North Proctor memories

Local authors will sign copies of new Proctor District history book at twin Proctor District receptions Jan. 25

By Bill Timnick on January 24, 2008

Two of Tacoma’s Proctor District businesses, Culpepper Books and The Pacific Northwest Shop, are hosting receptions and book signings Friday evening, featuring the authors of a recently published book on the district. The twin events are set from 6-8 p.m.

“Tacoma’s Proctor District” is among the latest releases from Arcadia Publishing, which has also published books on Tacoma’s Old Town, the Lakewood, South Tacoma communities and the waterfront, among others. The current title was a joint effort by Tacoma residents Caroline Gallacci and Bill Evans.

Evans, a former Tacoma deputy mayor and council member, is also the owner (with his wife Ann) of The Pacific Northwest Shop at 2720 North Proctor. The Evans have been members of the Proctor District community for the past 30 years, since they bought the building that houses their gift shop. (They also own the Old House Mercantile shop across the street.) Ever since, the Proctor neighborhood “has been a part of my life as a walkable community,” Evans says. “And it has always had ‘history’.”

Evans and co-author Gallacci, who has already published books on the Tacoma waterfront and Old Tacoma, and is a co-founder of the Tacoma Historical Society, were given the task of reconstructing the history of the Proctor District from the hundreds of old photographs that now fill the pages of the book. Most were drawn from the archives of the Tacoma Public Library’s Northwest Room, although some pictures were borrowed from private sources.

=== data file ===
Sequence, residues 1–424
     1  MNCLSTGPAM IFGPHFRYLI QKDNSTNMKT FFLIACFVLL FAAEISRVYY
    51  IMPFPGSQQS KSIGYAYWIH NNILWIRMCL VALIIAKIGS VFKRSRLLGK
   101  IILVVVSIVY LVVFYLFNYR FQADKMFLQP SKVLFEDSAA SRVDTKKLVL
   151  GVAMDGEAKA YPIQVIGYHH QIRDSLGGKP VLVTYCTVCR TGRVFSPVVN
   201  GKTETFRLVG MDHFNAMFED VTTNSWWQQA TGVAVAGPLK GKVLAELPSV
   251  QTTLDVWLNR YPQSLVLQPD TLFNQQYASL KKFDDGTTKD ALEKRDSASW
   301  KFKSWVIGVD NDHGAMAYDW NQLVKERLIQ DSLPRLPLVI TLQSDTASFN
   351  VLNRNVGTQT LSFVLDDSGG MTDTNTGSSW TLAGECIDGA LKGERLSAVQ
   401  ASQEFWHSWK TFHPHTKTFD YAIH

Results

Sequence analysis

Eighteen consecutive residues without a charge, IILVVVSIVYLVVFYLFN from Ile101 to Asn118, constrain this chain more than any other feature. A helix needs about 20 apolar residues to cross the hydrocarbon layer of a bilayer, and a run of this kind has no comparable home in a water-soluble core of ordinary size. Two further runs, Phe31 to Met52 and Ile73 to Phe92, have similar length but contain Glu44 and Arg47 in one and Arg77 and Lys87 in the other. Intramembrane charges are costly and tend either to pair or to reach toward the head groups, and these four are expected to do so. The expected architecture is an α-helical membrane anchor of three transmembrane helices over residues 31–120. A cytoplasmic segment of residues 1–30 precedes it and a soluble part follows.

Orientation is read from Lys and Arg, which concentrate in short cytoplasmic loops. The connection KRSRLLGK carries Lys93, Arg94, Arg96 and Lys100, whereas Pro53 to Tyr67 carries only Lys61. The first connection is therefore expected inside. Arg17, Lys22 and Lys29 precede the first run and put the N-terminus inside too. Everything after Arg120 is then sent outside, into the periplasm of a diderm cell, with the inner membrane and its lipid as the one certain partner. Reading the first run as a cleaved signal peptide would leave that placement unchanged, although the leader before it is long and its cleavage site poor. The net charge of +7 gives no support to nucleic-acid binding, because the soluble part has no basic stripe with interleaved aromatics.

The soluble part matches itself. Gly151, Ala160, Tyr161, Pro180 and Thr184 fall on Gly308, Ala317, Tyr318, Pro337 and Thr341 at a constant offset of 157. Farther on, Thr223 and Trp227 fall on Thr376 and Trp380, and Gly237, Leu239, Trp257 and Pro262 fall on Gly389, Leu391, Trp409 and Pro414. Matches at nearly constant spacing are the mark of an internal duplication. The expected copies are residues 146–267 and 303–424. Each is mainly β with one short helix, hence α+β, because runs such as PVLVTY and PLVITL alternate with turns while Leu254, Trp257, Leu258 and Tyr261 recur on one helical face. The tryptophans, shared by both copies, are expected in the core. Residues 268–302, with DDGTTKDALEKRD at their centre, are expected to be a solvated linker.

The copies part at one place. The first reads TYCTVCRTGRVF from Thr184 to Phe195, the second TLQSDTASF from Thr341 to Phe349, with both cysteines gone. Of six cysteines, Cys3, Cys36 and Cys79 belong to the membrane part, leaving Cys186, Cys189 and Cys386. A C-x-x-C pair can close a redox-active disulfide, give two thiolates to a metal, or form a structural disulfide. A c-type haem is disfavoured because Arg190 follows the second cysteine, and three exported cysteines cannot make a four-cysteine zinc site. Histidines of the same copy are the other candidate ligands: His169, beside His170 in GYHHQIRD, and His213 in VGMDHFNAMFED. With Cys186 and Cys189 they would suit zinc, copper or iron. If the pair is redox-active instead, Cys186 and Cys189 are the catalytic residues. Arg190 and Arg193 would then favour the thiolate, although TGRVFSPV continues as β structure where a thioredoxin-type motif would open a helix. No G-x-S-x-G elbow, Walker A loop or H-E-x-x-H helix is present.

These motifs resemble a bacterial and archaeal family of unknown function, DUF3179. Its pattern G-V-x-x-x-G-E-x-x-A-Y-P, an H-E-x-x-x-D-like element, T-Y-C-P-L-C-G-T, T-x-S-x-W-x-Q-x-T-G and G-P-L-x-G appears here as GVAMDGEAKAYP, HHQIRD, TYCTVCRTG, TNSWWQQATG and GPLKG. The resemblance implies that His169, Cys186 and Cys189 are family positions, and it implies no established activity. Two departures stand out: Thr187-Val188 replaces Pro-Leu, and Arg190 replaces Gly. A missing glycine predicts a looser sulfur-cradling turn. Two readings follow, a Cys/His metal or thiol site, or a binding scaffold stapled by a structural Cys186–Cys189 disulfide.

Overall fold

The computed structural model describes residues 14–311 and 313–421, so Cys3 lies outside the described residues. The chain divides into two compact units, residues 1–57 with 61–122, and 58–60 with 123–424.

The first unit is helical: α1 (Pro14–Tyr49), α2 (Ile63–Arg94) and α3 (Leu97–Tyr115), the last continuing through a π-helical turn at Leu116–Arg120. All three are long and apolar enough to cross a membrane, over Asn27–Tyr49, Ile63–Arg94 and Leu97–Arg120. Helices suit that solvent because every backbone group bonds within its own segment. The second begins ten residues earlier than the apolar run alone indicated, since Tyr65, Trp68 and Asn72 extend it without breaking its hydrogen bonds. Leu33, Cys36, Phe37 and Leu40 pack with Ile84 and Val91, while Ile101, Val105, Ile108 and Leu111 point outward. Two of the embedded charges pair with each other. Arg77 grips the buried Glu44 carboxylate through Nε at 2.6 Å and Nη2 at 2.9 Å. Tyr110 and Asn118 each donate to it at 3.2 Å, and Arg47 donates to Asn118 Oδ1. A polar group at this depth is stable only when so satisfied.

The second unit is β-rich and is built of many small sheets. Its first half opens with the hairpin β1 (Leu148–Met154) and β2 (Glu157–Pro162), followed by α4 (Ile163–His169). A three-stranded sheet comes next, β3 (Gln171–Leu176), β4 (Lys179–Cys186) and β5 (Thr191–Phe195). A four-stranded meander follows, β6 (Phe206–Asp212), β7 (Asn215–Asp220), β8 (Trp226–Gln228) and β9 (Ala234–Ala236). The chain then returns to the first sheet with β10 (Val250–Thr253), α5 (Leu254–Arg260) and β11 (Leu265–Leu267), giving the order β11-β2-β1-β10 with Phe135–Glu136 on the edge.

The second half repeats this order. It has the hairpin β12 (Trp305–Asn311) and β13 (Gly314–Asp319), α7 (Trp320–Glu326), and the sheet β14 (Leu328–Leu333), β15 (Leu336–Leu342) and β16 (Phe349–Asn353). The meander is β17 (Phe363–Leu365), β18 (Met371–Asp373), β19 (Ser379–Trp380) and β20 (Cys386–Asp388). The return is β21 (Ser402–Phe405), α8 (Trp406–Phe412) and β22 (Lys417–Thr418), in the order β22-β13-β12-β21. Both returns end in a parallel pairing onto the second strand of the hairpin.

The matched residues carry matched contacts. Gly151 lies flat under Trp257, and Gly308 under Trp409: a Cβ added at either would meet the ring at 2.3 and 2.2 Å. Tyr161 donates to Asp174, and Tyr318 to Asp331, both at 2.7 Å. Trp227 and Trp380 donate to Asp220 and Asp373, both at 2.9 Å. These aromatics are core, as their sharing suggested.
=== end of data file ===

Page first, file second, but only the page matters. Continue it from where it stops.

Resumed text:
The Proctor District evolved on the site of a curve along a streetcar line that ran through the area between downtown and Point Defiance — and which became a neighborhood and business district, one of Tacoma’s early “streetcar suburbs.” That early history and the developments of the decades that followed are represented by the photographs that have survived, each of which was then researched and described by Gallacci and Evans.

The research process took some three months, Evans recalls, to assemble and describe the photos. Was it worth the effort?

“It’s reinforced my feelings for the district,” Evans explains, “that this is a livable, walkable community. Something’s definitely ‘right’ about this community.”

The book has also stirred the memories of other residents, and former residents, of the Proctor District. Evans gets frequent visits from people who have found pictures of themselves and relatives in the pages of the book. One book buyer pointed to the image of a piano in one of the pictures: “That’s the piano,” she told Evans. “I learned to play on that piano.”

Culpepper Books, where Caroline Gallacci will be headquartered for Friday’s reception, is at 2521 North Proctor. Evans will be at his Pacific Northwest Shop venue. Complimentary hors d’oeuvres will be served at both locations. Call 253. 752.2242 for more information.